I have done performance analysis for TPCH queries, I saw visible gain in 5 queries (10-25%).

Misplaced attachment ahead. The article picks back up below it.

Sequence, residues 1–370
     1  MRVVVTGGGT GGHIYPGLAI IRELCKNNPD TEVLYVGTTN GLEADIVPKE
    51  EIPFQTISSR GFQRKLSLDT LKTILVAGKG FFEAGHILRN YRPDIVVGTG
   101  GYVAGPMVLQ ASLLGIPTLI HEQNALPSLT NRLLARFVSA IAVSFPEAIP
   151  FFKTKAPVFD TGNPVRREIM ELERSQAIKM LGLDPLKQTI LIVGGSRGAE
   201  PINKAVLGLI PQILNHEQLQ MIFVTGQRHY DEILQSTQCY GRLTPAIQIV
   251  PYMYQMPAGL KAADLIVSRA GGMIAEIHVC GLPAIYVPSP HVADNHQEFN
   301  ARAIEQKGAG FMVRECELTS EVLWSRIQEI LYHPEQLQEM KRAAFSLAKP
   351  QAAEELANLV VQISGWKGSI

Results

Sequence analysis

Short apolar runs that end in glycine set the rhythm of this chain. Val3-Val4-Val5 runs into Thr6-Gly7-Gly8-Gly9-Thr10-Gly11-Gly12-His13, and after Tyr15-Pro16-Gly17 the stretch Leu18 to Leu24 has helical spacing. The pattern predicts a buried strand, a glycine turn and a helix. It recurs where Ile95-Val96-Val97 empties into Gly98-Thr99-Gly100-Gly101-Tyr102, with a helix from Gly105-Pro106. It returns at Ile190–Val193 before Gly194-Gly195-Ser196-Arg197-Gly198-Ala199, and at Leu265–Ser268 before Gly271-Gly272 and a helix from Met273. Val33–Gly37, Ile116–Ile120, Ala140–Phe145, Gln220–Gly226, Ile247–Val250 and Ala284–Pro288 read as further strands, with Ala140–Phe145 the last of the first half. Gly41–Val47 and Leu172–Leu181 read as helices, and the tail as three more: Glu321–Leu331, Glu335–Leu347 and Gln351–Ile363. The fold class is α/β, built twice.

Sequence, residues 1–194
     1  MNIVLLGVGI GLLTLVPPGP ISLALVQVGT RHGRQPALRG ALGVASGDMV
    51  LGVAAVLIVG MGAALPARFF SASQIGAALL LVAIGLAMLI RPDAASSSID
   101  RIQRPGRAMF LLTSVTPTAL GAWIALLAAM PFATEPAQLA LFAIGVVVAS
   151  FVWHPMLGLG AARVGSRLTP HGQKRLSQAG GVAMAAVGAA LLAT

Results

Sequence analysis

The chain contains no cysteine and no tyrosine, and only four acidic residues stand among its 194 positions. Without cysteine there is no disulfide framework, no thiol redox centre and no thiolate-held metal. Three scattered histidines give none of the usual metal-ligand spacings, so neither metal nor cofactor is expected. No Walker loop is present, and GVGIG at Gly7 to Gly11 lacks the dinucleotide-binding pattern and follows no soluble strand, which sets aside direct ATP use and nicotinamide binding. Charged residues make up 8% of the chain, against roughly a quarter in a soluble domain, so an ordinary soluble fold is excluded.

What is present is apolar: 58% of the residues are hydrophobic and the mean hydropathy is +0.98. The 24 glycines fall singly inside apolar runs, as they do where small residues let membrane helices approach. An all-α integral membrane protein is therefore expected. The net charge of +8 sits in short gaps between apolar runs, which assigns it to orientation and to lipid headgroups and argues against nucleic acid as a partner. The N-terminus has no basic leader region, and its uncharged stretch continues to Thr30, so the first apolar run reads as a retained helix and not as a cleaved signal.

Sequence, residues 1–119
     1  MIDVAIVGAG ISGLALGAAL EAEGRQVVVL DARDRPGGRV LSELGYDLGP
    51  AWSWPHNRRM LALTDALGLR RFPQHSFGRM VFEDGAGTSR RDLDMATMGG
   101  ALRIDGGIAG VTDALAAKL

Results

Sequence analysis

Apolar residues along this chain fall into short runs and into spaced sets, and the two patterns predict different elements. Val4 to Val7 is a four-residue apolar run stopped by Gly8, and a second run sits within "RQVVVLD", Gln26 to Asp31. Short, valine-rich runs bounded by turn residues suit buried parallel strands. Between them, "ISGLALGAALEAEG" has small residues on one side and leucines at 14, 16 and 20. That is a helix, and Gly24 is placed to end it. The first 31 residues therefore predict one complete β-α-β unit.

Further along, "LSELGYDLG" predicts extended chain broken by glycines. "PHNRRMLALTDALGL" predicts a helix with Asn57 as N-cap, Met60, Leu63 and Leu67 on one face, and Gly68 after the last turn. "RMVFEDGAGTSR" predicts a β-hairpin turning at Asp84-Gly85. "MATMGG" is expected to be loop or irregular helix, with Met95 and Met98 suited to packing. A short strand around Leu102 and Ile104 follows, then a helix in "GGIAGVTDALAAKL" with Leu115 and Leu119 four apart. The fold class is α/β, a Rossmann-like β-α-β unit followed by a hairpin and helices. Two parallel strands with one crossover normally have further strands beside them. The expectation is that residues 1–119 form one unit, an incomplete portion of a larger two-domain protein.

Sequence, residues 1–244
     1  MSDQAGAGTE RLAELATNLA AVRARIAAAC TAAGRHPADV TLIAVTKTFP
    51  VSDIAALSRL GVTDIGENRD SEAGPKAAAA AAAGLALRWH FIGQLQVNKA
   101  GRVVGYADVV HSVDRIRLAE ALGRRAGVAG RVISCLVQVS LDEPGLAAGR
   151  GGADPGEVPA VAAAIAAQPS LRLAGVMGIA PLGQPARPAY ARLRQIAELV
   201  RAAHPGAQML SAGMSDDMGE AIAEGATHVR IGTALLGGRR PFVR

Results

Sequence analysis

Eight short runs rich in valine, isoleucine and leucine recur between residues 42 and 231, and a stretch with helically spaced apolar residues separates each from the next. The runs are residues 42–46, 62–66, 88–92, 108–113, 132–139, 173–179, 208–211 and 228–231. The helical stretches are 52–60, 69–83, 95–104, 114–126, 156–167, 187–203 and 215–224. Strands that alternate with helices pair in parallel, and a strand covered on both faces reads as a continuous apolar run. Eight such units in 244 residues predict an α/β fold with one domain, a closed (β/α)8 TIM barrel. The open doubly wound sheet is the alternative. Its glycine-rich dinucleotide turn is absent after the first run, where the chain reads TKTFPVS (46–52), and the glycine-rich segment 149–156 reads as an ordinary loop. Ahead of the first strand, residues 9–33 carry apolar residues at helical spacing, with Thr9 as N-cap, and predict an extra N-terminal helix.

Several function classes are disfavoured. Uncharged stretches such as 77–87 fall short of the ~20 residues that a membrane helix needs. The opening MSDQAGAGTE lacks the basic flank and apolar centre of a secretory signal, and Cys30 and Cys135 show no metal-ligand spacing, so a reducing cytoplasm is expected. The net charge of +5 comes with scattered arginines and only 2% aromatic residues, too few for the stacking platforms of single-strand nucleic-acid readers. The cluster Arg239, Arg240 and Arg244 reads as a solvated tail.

Performance Data: Benchmark : TPCH (S.F. 10) shared_buffer : 20GB work_mem : 50MB Machine : POWER Results are median of three run (explain analyze results for both head/patch are attached in TPCH_out.tar). Query Execution Time in (ms) Head Patch Improvement Q3 18475 16558 10% Q4 7526 5856 22% Q7 19386 17425 10% Q10 16994 15019 11% Q12 13852 10117 26% Currently we had two major problems about this patch.. Problem1: As Andres has mentioned, HeapKeyTest uses heap_getattr, whereas ExecQual use slot_getattr().So we can have worst case performance problem when very less tuple are getting filter out and we have table with many columns with qual on most of the columns. Problem2. In HeapKeyTest we are under per_query_ctx, whereas in ExecQual we are under per_tuple_ctx , so in former we can not afford to have any palloc. In this patch I have address both the concern by exposing executor information to heap (I exposed per_tuple_ctx and slot to HeapDesc), which is not a very good design. I have other ideas in mind for solving these concerns, please provide your thoughts.. For problem1 : I think it's better to give task of key push down to optimizer, there we can actually take the decision mostly based on two parameters. 1. Selectivity. 2. Column number on which qual is given. For problem2 : I think for solving this we need to limit the number of datatype we pushdown to heap (I mean we can push all datatype which don't need palloc in qual test). 1. Don't push down datatype with variable length. 2. Some other datatype with fixed length like 'name' can also palloc (i.e nameregexeq). so we need to block them as well. *Note: For exactly understanding which key is pushed down in below attached exact analyze output, refer this example.. without patch: -> Parallel Seq Scan on orders (cost=0.00..369972.00 rows=225038 width=20) (actual time=0.025..3216.157 rows=187204 loops=3) Filter: ((o_orderdate >= '1995-01-01'::date) AND (o_orderdate < '1995-04-01 00:00:00'::timestamp without time zone)) Rows Removed by Filter: 4812796 with patch: -> Parallel Seq Scan on orders (cost=0.00..369972.00 rows=225038 width=20) (actual time=0.015..1884.993 rows=187204 loops=3) Filter: ((o_orderdate >= '1995-01-01'::date) AND (o_orderdate < '1995-04-01 00:00:00'::timestamp without time zone)) 1. So basically on head it shows how many rows are discarded by filter (Rows Removed by Filter: 4812796), Now if we pushdown all the keys then it will not show this value. 2. We can also check how much actual time reduced in the SeqScan node. (i.e in above example on head it was 3216.157 whereas with patch it was 1884.993). -- Regards, Dilip Kumar EnterpriseDB: http://www.enterprisedb.com On Thu, Nov 3, 2016 at 7:29 PM, Robert Haas <robertmh...@gmail.com> wrote: > On Tue, Nov 1, 2016 at 8:31 PM, Kouhei Kaigai <kai...@ak.jp.nec.com> wrote: >> By the way, I'm a bit skeptical whether this enhancement is really beneficial >> than works for this enhancement, because we can now easily increase the >> number >> of processor cores to run seq-scan with qualifier, especially, when it has >> high >> selectivity. >> How about your thought? > > Are you saying we don't need to both making sequential scans faster > because we could just use parallel sequential scan instead? That > doesn't sound right to me. > > -- > Robert Haas > EnterpriseDB: http://www.enterprisedb.com > The Enterprise PostgreSQL Company -- Regards, Dilip Kumar EnterpriseDB: http://www.enterprisedb.com
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